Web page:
Feasibility of imaging-guided adrenalectomy in young patients with primary aldosteronism

Rossi, G. P. et al. (2021) Feasibility of imaging-guided adrenalectomy in young patients with primary aldosteronism. Hypertension, 79(1), pp. 187-195. (doi: 10.1161/HYPERTENSIONAHA.121.18284) (PMID:34878892)

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Many of the patients with primary aldosteronism (PA) are denied curative adrenalectomy because of limited availability or failure of adrenal vein sampling. It has been suggested that adrenal vein sampling can be omitted in young patients with a unilateral adrenal nodule, who show a florid biochemical PA phenotype. As this suggestion was based on a very low quality of evidence, we tested the applicability and accuracy of imaging, performed by computed tomography and/or magnetic resonance, for identification of unilateral PA, as determined by biochemical and/or clinical cure after unilateral adrenalectomy. Among 1625 patients with PA submitted to adrenal vein sampling in a multicenter multiethnic international study, 473 were ≤45 years of age; 231 of them had exhaustive imaging and follow-up data. Fifty-three percentage had a unilateral adrenal nodule, 43% had no nodules, and 4% bilateral nodules. Fifty-six percentage (n=131) received adrenalectomy and 128 were unambiguously diagnosed as unilateral PA. A unilateral adrenal nodule on imaging and hypokalemia were the strongest predictors of unilateral PA at regression analysis. Accordingly, imaging allowed correct identification of the responsible adrenal in 95% of the adrenalectomized patients with a unilateral nodule. The rate raised to 100% in the patients with hypokalemia, who comprised 29% of the total, but fell to 88% in those without hypokalemia. Therefore, a unilateral nodule and hypokalemia could be used to identify unilateral PA in patients ≤45 years of age if adrenal vein sampling is not easily available. However, adrenal vein sampling remains indispensable in 71% of the young patients, who showed no nodules/bilateral nodules at imaging and/or no hypokalemia. Registration: URL: https://www.clinicaltrials.gov; Unique identifier: NCT01234220.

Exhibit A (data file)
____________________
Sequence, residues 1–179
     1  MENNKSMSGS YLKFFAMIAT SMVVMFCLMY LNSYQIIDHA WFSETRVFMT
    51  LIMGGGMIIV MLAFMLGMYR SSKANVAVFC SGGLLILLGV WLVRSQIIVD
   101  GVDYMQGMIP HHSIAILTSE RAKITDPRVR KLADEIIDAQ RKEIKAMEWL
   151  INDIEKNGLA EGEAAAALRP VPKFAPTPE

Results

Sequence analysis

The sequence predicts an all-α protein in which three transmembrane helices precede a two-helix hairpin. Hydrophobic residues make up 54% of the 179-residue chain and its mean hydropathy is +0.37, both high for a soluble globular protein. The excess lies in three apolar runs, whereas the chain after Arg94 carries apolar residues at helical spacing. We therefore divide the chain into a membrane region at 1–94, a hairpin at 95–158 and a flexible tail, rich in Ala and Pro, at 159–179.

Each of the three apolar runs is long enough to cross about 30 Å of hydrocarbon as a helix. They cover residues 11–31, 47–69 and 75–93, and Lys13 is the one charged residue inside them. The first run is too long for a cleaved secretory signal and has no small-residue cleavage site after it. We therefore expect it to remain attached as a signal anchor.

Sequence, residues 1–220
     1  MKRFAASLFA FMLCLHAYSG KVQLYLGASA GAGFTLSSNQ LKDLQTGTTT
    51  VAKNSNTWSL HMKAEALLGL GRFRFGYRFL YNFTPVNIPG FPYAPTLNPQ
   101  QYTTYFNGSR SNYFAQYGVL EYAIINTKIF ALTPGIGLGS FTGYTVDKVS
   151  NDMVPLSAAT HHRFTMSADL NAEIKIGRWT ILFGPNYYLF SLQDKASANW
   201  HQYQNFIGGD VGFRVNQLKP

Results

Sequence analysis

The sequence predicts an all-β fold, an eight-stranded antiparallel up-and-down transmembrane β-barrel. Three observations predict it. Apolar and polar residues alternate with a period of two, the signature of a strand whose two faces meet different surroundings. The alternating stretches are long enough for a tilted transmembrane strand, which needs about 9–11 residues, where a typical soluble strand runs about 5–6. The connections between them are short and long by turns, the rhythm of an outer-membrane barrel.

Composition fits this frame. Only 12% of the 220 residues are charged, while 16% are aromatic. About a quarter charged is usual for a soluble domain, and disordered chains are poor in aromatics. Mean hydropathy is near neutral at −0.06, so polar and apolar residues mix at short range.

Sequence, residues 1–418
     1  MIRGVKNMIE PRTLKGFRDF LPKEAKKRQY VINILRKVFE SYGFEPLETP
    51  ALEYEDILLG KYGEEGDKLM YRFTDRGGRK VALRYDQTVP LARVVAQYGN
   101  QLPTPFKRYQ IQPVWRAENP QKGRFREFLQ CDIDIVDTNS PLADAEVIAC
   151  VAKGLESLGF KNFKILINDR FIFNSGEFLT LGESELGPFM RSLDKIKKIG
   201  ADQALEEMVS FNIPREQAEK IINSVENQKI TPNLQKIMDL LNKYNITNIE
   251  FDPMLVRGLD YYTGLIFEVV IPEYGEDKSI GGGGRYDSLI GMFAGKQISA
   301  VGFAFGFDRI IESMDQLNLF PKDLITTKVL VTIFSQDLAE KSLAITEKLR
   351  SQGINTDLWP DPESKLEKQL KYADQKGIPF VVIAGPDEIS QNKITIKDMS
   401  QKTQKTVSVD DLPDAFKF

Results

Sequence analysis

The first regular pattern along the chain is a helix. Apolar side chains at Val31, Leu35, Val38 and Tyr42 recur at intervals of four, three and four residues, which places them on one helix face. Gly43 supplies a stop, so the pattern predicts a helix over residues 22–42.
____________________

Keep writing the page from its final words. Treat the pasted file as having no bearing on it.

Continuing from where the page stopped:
Item Type:Articles
Additional Information:This study was supported in part by research grants to G.P. Rossi from FORICA (The Foundation for advanced Research In Hypertension and CArdiovascular diseases) and from the Else Kröner-Fresenius-Stiftung to M. Reincke. A. Riester, M. Reincke, and J. Deinum received support from the Deutsche Forschungsgemeinschaft (DGE, German Research Foundation, Projektnummer 314061271-TRR 205); from the Japan Agency for Medical Research and Development (AMED) (JP20ek0109352) to M. Naruse; from the National Center for Global Health and Medicine, Japan (27-1402, 30-1008) to A. Tanabe.
Keywords:Diagnosis, hypokalemia, aldosterone, phenotype, hypertension.
Glasgow Author(s) Enlighten ID:Rossitto, Dr Giacomo
Authors: Rossi, G. P., Crimì, F., Rossitto, G., Amar, L., Azizi, M., Riester, A., Reincke, M., Degenhart, C., Widimsky, J., Naruse, M., Deinum, J., Kool, L. S., Kocjan, T., Negro, A., Rossi, E., Kline, G., Tanabe, A., Satoh, F., Rump, L. C., Vonend, O., Willenberg, H. S., Fuller, P. J., Yang, J., Chee, N. Y. N., Magill, S. B., Shafigullina, Z., Quinkler, M., Oliveras, A., Wu, V. C., Kratka, Z., Barbiero, G., Battistel, M., and Seccia, T. M.
College/School:College of Medical Veterinary and Life Sciences > School of Cardiovascular & Metabolic Health
Journal Name:Hypertension
Publisher:American Heart Association
ISSN (Online):1524-4563
Published Online:17 November 2021

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